EURING Analytical Meeting & Workshop

   31 May-11 June, 2021 • Québec City, PQ, Canada

EURING 2021 • Québec City, PQ, Canada • program

The EURING 2021 Analytical Meeting & Workshop will consist of several sessions -- on most days the conference will take place during a three hour afternoon session from 1600-1900 CET (1500-1800 BST). Below is a preliminary list of the sessions, and the names of the individuals chairing the sesssions. Contact information for individual session chairs can be found here.

oral paper sessions

Building on the Eurasian-African Migration Atlas: towards robust quantitative analyses of avian movements. - Chair + Plenary: Stephen Baillie

The Eurasian African Bird Migration Atlas is being developed by EURING between 2018 and 2021, working in close collaboration with the Convention on Migratory species. This web-based Atlas will document movement patterns using ringing and tracking data and will include quantitative analyses of migration timing, migratory connectivity, long-term changes in migration behaviour and illegal killing. It is EURING's largest analytical project to-date and will provide critical information to inform migratory bird conservation. In this session we aim to provide an overview of the analytical approaches developed for this project and on developments in the statistical modelling of avian movements. Opportunities to substantially improve our understanding of movement patterns include accounting for spatial and temporal variation in re-encounter probabilities and analyses combining different data sources, including but not limited to ring recoveries, tracking data and occurrence data. Contributions on these topics from anywhere in the world are welcome.

Dispersal. - Plenary + Co-chair: Ana Sanz-Aguilar, Co-Chair Ana Payo Payo.

Dispersal is a key ecological and evolutionary process. It influences the structure, dynamics and persistence of populations as well as the distribution and abundance of species. Moreover, it determines gene flow among populations, thereby it has implications for local adaptation, speciation and life-history trait evolution. The session will focus on dispersal processes operating at different spatio-temporal scales such as: breeding or natal dispersal, nest dispersal, temporal dispersal (e.g. skipping reproduction) or dispersal betweeen wintering sites.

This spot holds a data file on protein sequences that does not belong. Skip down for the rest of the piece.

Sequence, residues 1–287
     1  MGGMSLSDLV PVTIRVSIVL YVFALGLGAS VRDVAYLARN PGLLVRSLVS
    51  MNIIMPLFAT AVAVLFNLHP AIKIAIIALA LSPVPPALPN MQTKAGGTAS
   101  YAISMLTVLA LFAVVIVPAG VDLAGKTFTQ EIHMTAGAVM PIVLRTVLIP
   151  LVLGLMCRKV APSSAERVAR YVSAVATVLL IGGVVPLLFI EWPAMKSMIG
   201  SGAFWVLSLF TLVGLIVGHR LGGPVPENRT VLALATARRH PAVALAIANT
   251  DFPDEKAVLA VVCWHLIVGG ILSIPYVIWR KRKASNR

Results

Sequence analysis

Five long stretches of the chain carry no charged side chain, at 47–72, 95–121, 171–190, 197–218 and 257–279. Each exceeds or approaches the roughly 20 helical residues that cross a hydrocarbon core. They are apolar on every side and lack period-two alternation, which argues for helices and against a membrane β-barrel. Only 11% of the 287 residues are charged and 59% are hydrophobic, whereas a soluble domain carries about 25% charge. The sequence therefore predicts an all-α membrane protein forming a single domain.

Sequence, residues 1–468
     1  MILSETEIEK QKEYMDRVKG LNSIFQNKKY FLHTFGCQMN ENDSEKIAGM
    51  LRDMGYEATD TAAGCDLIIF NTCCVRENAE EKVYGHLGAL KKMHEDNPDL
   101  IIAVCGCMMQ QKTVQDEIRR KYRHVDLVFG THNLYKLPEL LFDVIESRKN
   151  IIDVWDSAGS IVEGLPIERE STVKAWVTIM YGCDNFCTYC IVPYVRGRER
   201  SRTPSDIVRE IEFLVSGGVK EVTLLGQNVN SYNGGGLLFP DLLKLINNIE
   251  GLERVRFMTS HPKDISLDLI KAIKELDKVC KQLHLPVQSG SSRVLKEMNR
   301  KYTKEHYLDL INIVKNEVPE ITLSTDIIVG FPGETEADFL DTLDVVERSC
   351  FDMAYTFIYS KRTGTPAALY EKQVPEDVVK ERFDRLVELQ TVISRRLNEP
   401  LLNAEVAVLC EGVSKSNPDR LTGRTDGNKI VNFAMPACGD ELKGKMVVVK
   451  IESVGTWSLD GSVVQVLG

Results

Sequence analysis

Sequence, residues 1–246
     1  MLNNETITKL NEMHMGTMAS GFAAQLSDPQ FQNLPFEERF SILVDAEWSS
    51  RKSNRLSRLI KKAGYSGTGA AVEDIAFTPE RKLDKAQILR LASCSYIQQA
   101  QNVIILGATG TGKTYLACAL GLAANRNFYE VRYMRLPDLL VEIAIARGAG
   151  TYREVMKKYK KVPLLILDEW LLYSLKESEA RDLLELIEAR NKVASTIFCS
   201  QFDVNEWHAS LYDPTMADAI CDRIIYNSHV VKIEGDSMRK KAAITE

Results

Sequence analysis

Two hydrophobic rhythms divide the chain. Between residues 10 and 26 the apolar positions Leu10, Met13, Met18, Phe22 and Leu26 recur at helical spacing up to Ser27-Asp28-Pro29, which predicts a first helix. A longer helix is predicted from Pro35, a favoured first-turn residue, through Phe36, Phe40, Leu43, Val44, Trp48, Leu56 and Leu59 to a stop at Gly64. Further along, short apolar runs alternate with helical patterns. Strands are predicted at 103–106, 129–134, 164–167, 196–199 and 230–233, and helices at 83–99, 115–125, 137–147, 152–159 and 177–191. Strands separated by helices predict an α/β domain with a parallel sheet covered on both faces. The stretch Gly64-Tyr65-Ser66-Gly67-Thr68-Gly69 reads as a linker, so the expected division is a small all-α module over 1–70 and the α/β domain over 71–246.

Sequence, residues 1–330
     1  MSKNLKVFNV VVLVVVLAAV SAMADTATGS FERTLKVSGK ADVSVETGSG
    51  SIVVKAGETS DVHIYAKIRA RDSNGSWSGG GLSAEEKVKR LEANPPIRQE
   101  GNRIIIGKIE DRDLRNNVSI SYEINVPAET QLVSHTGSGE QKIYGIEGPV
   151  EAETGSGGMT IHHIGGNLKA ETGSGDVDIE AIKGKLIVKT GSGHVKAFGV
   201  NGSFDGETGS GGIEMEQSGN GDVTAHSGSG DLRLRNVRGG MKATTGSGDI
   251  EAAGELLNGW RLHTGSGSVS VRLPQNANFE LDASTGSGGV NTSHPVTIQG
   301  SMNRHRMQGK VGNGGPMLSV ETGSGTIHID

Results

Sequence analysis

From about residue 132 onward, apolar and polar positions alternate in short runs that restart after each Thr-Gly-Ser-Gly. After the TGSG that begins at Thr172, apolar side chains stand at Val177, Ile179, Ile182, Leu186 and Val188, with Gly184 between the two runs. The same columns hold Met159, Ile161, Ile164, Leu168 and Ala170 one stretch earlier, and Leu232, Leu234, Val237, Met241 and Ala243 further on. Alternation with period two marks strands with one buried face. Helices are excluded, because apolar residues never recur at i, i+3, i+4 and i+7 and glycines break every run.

Data integration and population analysis. - Plenary + Co-chair: Sarah Converse, Co-Chair: Elise Zipkin.

Integration of multiple data sources has tremendous potential to strengthen population analyses by reducing both bias and uncertainty in demographic estimates. However, as the number of data sources in an analysis increases, the potential for assumption violations and scale mismatches also increase. This session will demonstrate ongoing developments in data integration from theoretical and applied perspectives.

Population management. - Plenary + Co-chair: Mike Runge, Co-Chair: Anna Tucker.

What are the applied purposes of mark-recapture or occupancy data and all the associated analyses? To help managers make decisions that will affect wildlife populations. In this session, we will explore the use of such data from the standpoint of decision makers, seeking to understand how information flows from data to analyses to decisions, and indeed, how information can flow the other way to influence study design. A decision analytical framework will provide the scaffolding for this session, with case studies to demonstrate the potential for application.

Survival estimation. - Plenary + Co-Chair: Eleni Matechou, Co-Chair: Fernando Colchero.